Monday, 7 November 2011

Where Have all the Children Gone?

I'm knitting a telegraph pole warmer.
I know - I know!
It wasn't actually my idea, but I'm not sure if that makes it better or worse!

It's for the pole outside Beltra Country Market and so far I've completed about six or eight feet of very colourful stripes. I have heard the odd grumble that it's a shocking waste of wool, but I don't agree. Sure, it will take a good bit to finish it, but by and large it is being constructed out of other people's left over balls (of wool, that is!) which wouldn't have been used for much else. And just the sheer daft concept of it has made a lot of people smile.

Anyway, spare a thought for the telegraph pole, standing there in wind, rain, hail and snow, with nothing to do all day but prop up the market's bunting. Oh, and all those telegraphy-pole things of course. I think it will be quite chuffed to have a cheerful, technicolour, stripey Joseph's-coat style warmer.

And it's not just the market members and our shoppers who will enjoy it. I hope it'll brighten up the morning for all the people who drive up and down that road every day, on their way to work, to college, to school - to sign on. 

14.4% of the population, that is. I know it's not just Ireland. The whole world is in a sorry state these days. The G20 Summit doesn't appear to have achieved a huge amount, except accentuate the fate of Greece, the Euro, Italy, Uncle Tom Cobbley and all. Everyone - everything hanging in the balance. Just a short while ago Ireland was at the top of the casualty list, right under the spotlight. And our condition didn't stop being critical just because we got bailed out.

I can't really take that term seriously. It always brings to mind the occasion when, driving in Hong Kong with my sister, we were stopped by a policeman for speeding. He insisted that we should accompany him to the police station 'to bail out!' - to which she caustically replied: 'Why, are you flooded?'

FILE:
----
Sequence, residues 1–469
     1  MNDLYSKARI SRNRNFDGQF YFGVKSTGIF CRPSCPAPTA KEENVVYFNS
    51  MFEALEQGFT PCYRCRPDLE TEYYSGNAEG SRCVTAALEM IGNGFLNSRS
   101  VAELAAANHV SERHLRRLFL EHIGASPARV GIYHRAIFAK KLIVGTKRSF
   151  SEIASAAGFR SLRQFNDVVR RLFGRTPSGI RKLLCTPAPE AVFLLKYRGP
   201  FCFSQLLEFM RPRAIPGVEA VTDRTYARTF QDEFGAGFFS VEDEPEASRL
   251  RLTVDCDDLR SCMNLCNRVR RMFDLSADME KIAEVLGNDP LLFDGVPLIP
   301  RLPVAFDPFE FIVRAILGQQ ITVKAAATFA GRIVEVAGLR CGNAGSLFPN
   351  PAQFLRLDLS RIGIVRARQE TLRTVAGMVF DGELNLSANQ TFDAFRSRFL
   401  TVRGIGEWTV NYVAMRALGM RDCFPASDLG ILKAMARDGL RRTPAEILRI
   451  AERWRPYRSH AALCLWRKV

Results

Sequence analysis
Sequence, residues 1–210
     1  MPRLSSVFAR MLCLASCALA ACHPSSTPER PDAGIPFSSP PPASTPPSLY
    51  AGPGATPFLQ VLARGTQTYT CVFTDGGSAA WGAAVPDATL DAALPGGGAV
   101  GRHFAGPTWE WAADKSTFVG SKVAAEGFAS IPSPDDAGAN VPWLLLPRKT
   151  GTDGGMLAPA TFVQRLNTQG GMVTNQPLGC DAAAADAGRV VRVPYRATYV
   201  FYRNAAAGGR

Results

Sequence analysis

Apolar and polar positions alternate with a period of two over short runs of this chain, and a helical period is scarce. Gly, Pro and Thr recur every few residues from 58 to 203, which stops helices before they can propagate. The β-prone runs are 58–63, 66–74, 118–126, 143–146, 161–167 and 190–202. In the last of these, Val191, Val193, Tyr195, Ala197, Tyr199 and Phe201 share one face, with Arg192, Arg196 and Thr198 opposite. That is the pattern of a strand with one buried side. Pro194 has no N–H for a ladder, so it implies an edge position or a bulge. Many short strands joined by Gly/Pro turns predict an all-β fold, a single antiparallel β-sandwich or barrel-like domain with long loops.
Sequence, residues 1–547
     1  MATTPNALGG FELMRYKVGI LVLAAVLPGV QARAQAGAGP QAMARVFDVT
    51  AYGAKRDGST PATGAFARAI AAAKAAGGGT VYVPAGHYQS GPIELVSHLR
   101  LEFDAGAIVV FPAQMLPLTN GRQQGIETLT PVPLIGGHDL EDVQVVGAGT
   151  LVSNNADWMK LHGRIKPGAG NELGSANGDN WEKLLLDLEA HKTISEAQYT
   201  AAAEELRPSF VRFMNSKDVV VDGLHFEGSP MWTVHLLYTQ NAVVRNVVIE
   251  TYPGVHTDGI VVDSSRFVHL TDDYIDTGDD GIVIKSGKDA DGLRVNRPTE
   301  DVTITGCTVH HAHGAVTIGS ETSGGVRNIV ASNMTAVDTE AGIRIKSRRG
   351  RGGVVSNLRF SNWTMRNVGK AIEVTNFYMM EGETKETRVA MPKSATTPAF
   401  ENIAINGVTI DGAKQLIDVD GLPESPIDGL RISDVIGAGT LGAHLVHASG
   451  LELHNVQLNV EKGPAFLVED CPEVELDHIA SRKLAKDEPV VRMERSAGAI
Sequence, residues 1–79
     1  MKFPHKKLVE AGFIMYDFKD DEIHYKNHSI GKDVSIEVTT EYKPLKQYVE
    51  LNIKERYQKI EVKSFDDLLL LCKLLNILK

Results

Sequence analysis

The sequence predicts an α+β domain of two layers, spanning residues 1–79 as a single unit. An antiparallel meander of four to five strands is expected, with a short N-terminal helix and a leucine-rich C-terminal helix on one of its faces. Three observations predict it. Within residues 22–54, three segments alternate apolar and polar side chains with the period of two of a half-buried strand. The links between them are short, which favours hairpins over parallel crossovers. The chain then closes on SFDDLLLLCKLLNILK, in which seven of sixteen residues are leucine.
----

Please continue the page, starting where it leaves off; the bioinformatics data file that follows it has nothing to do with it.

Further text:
But I digress.
Ireland was bailed out. (It is regularly flooded, you see.)
It's not that I'm ungrateful to the powers that be who put their hands in their pockets on Ireland's behalf, it's just that I wonder what difference it has made to the average Joe Soap walking our streets. And the same goes for lots of other countries too. Instead of being in hock for all the things he signed up for - like a mortgage, a car loan, a credit card or whatever, now everyone in Ireland owes their bodies, their souls and even the unformed aspirations of their minds from now on, even unto the third, fourth and fifth generation. I'm no mathmatician, but this seems an un-do-able equation.

Unless of course people opt for the modus operandi advocated by Blank of Ireland - in which case they may get off debt-free even if not scot-free. But as it stands, the country is in a pretty bad way and financial security is a thing of the past.

It is 18 years ago this very week that we moved into our house. And in that time I think we have run the whole gamut of financial insecurity. Despite that, I have to say I don't regret coming to this beautiful part of Ireland for a minute, and given the chance to turn the clock back, I'd do it all over again. We were much younger then, and when you are young, financial security isn't generally your prime motivating force. Luckily - or none of us would have any adventures at all.

And I suppose it was an adventure. It was certainly a leap out of our comfort zone at the time, moving from South London to the west of Ireland, where the locals assumed we only had one ulterior motive. 'Oh, so you surf then?'
Surf? SURF?
Er - no!

We hadn't noticed the surf.
It was only later we discovered that the people who moved here generally came for the waves. It was the house we fell in love with. In truth, we hadn't even noticed the village - which is so tiny you daren't blink - but when we did, we found that it had a burnt out house, several derelict buildings and, eerily, no young people. Someone locally described it to us as: 'A one-horse village, and the horse has left.' Certainly all the kids had left. They routinely left when they finished school, because there was nothing to stay for. Everyone had a son in America, a daughter in England, a nephew in Australia...